Today, we are on one of four adjoining 40-acre chunks whose landowners have granted Hayduk and MCWC access to flood plain habitat and Little Lobster creek to “help restore once was a healthy complex riparian ecosystem.”

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All water flows downstream

When we try to pick out anything by itself, we find it hitched to everything else in the Universe. — John Muir

While the Alsea River is the mainstem of salmon runs, tributaries like Lobster Creek play a crucial role in salmon health. We are in an area known as Five Rivers, 25 miles east of Waldport. Alder, Cougar, Buck, Crab and Cherry creeks make up those five tributaries.

Within the Alsea Basin, the Lobster/Five Rivers watershed provides an important contribution to the populations of native fish. However, water quality problems, relating to stream temperature, have been documented in several sub-watersheds and along the main stems of both Lobster Creak and Five Rivers. The level of disturbance in the watershed has contributed to the degradation of quality habitat. [So states a 227-page scientific paper, from the Bureau of Land Management, “Lobster/Five Rivers Watershed Analysis.]

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Hayduk is “eyes, ears and feet/hands on the ground” coordinator of this project. The day I show up, he has 164 home-propagated lupines and a couple of dozen Camus bulb starts. Zach and Casey from Lincoln Soil and Water Conservation District (LSWCD) soon arrive as part of their regular brush-clearing duties to fight back the canary grass and Himalayan blackberry bushes, both pernicious invasive species in our ecosystem.

They have an auguring machine to dig holes for all these pollinating plants Hayduk and his wife, Jen, grew in their Waldport home garden. Jen is the interim director of LSWCD.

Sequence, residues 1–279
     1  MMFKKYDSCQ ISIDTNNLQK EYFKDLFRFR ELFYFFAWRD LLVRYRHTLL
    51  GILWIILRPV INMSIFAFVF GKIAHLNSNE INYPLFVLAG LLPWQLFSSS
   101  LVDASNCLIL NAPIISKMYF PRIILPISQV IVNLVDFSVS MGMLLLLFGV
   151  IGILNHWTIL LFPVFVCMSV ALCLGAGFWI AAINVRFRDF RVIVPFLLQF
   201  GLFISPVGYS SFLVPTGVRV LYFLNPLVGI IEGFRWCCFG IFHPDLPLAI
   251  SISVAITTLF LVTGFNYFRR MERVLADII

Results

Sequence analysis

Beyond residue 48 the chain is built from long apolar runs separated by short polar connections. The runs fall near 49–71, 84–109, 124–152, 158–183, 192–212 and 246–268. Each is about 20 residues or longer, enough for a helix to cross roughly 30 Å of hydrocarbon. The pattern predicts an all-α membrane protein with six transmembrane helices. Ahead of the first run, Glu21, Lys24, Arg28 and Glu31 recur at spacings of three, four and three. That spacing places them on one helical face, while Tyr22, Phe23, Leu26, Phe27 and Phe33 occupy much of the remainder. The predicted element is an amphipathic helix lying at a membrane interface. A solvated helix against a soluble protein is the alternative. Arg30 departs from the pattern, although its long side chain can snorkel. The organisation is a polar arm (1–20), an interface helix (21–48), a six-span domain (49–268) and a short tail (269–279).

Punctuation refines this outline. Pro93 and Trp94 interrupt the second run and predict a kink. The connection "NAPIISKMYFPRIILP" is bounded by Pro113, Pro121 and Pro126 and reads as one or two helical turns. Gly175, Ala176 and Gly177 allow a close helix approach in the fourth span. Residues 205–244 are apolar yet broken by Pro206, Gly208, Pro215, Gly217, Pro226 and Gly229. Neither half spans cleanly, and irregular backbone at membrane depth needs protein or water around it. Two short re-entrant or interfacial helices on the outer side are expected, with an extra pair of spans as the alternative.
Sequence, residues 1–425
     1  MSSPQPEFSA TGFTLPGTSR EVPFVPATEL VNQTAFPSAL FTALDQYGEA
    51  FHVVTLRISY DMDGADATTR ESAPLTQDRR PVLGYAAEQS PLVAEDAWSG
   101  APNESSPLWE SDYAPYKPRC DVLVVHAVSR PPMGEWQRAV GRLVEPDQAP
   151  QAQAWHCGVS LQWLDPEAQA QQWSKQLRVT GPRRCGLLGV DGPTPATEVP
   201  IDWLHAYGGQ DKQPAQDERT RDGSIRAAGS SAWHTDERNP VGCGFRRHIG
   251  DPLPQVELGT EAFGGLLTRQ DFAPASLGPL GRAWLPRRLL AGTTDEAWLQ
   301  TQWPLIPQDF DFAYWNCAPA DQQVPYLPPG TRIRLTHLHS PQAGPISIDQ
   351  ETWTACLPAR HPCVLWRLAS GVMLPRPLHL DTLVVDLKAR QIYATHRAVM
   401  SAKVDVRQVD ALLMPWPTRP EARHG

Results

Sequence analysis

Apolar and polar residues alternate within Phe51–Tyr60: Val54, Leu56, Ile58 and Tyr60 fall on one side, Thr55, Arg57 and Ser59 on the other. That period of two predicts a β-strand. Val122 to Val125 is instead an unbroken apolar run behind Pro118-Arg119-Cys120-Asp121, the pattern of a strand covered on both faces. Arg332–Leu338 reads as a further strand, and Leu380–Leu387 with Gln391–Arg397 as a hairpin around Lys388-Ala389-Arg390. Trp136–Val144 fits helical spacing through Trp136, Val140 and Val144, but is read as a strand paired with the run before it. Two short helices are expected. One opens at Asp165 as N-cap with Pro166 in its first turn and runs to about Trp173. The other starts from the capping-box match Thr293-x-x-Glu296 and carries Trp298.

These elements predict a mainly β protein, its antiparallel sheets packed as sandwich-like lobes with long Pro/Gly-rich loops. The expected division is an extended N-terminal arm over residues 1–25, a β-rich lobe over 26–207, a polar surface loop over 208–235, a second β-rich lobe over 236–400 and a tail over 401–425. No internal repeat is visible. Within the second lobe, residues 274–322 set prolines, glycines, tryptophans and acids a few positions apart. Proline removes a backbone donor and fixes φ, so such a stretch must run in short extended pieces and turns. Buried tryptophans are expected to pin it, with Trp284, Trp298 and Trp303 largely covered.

Team players

The husband-wife team met in 2008 when they both worked for a backcountry conservation crew near Port Angeles. She’s from Pennsylvania, and Hayduk grew up in Woodinville (near Seattle) with his two older sisters and parents.

My dad was a general contractor in Seattle. My family had 1.5 acres and turned it into a formal English garden, so I spent a lot of time with plants.

He tells me he always knew he’d be working with plants as he got older. He did an undergraduate degree at Santa Clara University. He graduated from the Evergreen State College in 2012 with a master’s in Environmental Studies. One of his more unique programming experiences as a student was contributing to the Sustainability in Prisons Project (SPP) in school in Olympia.

I gravitate toward the prison work he did more than eight years ago. On SPP’s website, the goal is clear: “SPP brings together incarcerated individuals, scientists, corrections staff, students, and program partners to promote education, conserve biodiversity, practice sustainability, and help build healthy communities. Together, we reduce the environmental, economic, and human costs of prisons.”